This activities requires that students override an automatic response, and therefore exhibit self-regulation. Begin by having students point to their head, shoulders, knees and toes. Have students touch each body part in a variety of sequences to get accustomed to the game. Then have students override their automatic response by asking students to point to incongruent body parts. For example, tell students “when I say to touch your head, touch your TOES!!” or “When I say touch your tummy, touch your EARS.”
HTKS YouTube clip
The Freeze Game
This game requires music! The teacher will play the music and then when she stops the music the children must freeze and be still as statues in whatever position the froze in. Then the teacher will play a variety of different music. The children must dance quickly to upbeat and fast songs, and they must dance slowly and gracefully to the slow songs. Then when they have gotten the hang of that, switch it up and have them dance slowly to the fast songs and quickly to the slow songs.
The Color Matching Freeze Game
There will be 4 pieces of construction for each student taped to the ground in a square. The teacher will play music and the students will dance—quickly or slowly according to the music. When the music stops playing, the teacher will hold up a piece of colored construction paper and the students have to sit on the same color on the ground.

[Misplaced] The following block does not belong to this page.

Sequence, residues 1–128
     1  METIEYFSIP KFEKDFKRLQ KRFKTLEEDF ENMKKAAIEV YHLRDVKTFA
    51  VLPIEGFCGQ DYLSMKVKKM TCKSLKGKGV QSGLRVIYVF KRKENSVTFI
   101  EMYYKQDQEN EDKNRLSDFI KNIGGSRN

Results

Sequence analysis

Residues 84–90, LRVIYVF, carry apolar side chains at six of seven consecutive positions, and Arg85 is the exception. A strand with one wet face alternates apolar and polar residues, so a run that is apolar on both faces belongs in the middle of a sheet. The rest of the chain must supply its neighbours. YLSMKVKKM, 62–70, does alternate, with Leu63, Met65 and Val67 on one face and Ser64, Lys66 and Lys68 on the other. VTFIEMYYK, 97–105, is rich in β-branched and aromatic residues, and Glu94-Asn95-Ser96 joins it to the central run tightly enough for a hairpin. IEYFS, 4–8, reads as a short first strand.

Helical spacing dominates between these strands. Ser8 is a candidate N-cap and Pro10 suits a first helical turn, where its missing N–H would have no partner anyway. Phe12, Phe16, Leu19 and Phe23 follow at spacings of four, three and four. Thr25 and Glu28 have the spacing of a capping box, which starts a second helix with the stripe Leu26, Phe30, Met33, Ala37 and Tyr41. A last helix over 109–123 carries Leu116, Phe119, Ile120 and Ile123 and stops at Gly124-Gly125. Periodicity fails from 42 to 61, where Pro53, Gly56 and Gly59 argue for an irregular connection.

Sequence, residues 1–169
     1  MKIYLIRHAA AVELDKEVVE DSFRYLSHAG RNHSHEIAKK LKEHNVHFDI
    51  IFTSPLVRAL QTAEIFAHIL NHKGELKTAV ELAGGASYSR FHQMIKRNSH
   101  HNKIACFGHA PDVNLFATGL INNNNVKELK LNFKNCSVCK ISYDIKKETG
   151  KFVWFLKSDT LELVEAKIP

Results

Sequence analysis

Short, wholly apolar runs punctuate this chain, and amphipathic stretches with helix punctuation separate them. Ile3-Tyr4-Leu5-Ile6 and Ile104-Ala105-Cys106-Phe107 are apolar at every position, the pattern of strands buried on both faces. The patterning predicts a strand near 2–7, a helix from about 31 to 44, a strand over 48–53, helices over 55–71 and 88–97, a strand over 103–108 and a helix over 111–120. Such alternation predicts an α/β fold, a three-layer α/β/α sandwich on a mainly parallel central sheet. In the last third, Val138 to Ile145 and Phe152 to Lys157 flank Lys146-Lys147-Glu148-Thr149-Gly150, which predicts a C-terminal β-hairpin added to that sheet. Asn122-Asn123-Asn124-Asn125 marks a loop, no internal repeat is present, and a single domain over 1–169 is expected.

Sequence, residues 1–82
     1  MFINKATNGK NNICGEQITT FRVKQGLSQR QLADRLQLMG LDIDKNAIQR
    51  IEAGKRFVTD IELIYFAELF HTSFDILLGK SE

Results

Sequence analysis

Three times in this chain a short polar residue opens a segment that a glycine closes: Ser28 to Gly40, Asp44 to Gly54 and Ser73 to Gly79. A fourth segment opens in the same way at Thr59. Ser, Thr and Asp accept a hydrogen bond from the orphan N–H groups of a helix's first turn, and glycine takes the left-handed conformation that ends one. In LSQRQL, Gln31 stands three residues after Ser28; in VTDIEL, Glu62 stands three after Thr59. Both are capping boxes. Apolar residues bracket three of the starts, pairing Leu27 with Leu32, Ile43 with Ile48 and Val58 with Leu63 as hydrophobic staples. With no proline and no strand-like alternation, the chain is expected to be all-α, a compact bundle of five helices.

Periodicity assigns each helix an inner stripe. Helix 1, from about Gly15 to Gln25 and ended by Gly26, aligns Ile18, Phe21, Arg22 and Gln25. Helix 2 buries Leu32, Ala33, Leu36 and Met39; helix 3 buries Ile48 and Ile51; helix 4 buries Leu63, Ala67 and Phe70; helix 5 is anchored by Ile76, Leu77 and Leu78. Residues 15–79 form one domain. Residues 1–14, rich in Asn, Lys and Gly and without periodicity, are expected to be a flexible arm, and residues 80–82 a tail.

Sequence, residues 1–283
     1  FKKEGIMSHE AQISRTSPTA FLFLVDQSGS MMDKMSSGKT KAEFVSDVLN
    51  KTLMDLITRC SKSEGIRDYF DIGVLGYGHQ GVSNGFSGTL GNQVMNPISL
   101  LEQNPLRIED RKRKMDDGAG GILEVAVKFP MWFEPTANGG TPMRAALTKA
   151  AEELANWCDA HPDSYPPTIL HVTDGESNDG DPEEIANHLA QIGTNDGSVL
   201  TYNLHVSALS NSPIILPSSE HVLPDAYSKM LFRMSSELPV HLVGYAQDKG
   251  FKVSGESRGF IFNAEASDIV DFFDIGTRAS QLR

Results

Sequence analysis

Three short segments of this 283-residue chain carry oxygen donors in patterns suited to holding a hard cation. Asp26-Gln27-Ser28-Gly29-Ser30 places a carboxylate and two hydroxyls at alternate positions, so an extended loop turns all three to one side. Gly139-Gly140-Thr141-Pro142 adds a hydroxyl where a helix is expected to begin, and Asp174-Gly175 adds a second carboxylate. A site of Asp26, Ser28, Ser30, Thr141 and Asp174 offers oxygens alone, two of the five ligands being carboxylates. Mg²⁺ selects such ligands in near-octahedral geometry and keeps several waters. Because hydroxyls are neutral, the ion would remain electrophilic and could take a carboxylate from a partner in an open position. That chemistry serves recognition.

2 students stand and face each other in a specific pose (any pose that they choose). When the teacher says “GO” neither student may move, talk, or change facial expression. The first student to do so loses. The teacher can also come up with the poses if she wants so that they have someone to mimic.
Students will all line up on a starting line. Instructor says “Ready, Set….” and she might say “go” OR another word that sounds like go OR starts with a “g”. EXAMPLE: green! gorilla! snow! crow! blow! grape! gate! The students that make a false start will have to take a penalty step backwards from the starting line. When instructor does say “go” all will run to the finish line
Freeze Pattern Game
Have students get into a certain pattern (ex: circle, square, heart) and have them standing next to a certain person. Then, signal for students change to a different pattern and stand next to a different person. Use different signals for each pattern.